I am new to the HTPC building so I probably have a huge newb question. I want to build an HTPC but am slightly confused on the use of a TV Tuner.
From what I understand the TV Tuner is used to have cable TV streamed through the tuner to the PC, mainly for recording. Am I correct on that?
And I want to build an HTPC but mainly for an archive type system where I can back up all of my movies so I'm not lugging around over 600 dvds every time I move. Will I need a TV tuner for this, or just a decent video card?
Oh. If that were me I'd have ended up just leaving them in the boxes.
If you're building from scratch I'd suggest an AM3 mobo with HD 3300 integrated graphics (since this is even enough for bluray) and an athlon II x2. You don't need a tuner unless you want to record. You probably want at least a 1.5 terabyte hard drive for that kind of a load. (maybe even two for raid 1, so that if one of them fails you don't have to rip twice)
I don't know what formats/methods you prefer, so just go to videohelp.com and research.
AMD is the way to go for HTPC builds due to their superior integrated graphics. The new i3 chips with an H55 motherboard would also make a nice HTPC. The current AMD integrated chipset is the 785G which uses a HD 4200 GPU.
A TV tuner allows you to tune in, watch and / or record TV channels from cable OR from an OTA station via an antenna. The better ones have two or more tuners operating independently so you can record one channel while watching another. Many also include input ports so you can watch / record video and audio signals from an external player like a DVD or VCR unit. Some also have audio / video outputs like S-Video or NTSC Composite video, but these are more likely to be a video card feature if you need them.
If you go for multi-tuner capability, read the fine print. Some have two tuners that each are fully capable and share one cable TV input connection. Some have two tuners that each have different capabilities, so that only one can handle cable TV, and the other can only handle signals from an antenna feeding in OTA signals. Be aware that the signal systems for current digital TV from OTA stations and from cable systems are different, so different tuner capabilities are needed for them, but the tuner makers have designed for this.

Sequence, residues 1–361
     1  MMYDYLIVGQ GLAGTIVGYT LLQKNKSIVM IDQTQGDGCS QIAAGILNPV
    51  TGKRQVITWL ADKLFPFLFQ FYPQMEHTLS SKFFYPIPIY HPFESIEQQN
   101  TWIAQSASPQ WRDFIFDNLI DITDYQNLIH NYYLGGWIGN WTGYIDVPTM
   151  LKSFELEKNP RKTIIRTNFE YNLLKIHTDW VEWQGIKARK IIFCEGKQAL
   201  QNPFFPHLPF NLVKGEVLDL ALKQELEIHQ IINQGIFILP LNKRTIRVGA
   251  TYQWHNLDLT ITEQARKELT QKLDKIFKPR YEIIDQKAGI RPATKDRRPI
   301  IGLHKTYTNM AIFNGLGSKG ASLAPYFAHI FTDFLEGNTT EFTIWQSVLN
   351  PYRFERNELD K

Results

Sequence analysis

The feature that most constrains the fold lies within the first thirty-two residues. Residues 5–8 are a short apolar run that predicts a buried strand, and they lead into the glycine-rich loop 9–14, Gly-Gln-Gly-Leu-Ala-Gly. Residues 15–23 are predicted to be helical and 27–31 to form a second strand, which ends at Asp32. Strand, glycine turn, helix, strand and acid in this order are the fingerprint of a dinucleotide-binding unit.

The tuners able to handle scrambled premium channel and Pay TV signals on a cable system are just beginning to arrive. For a while the transition systems could actually decode some of the scrambled channels on cable for free if you had a tuner card in your computer, but that is about to end with new coding and decoding standards.
For simply watching a DVD or a copy of it on a hard drive, you do NOT need a tuner card. Most of the work for this task is done by your video card and CPU. In fact, even HD playback from a Blu-Ray disk does not need super-powerful video card capability. However, capturing video from cable with a tuner, especially if you are doing it in the background while working on something else, does require a reasonably powerful CPU, and almost certainly a multi-core CPU with appropriate modern OS and application software. That's why False_Dmitry_II recommended a minimum Athlon II X2 CPU. I would bet he / she pointed at AMD systems because they are powerful enough for the job but typically cheaper than Intel-based systems, even if you go higher in the AMD line for 3- or 4-core CPU's.
Regarding copying your DVD collection to hard drives, do some math. A typical DVD movie is around 4 to 5 GB without any of the "bonus features". Your 600-disk collection would require minimum 3 TB to store that IN ADDITION TO the HDD space you use for your operating system, applications and user files. Although HDD's are easily available now in 2 TB sizes, the cost "sweet spot" is still 1.5 TB. So just to start what you plan you will need about three drives of the 1.5 TB size, and maybe at least one more for spare space for the future.
Here's another possibility to consider. What about buying an external HDD enclosure that holds 2 (or 3?) SATA II HDD units, plus 2 or 3 drives of 1.5 to 2.0 TB capacity. Make sure the enclosure has at least BOTH a USB2 interface to the computer and an eSATA interface, and that your computer also has an eSATA interface. Mount the drives in the enclosure, hook it all up via eSATA (a pretty fast interface), and load your DVD collection onto the drives in the box. Now you can record and play back as planned. BUT you also can simply disconnect it, pick up the box, its cable and power supply brick, and take it anywhere to another computer, carrying your whole DVD collection under your arm. Use either eSATA or USB2 to connect to any other computer (even the widely-used USB2 interface should be fast enough for DVD file playback) and play back there. If you do this I recommend do NOT use any RAID capability on the enclosure (if it is included). You will not need the extra speed claimed for RAID0 (it is minimal, and this mode carries much bigger risk of losing ALL the files on the drive), nor the "automatic backup" that RAID1 provides (because it uses up twice as much disk space to achieve this!).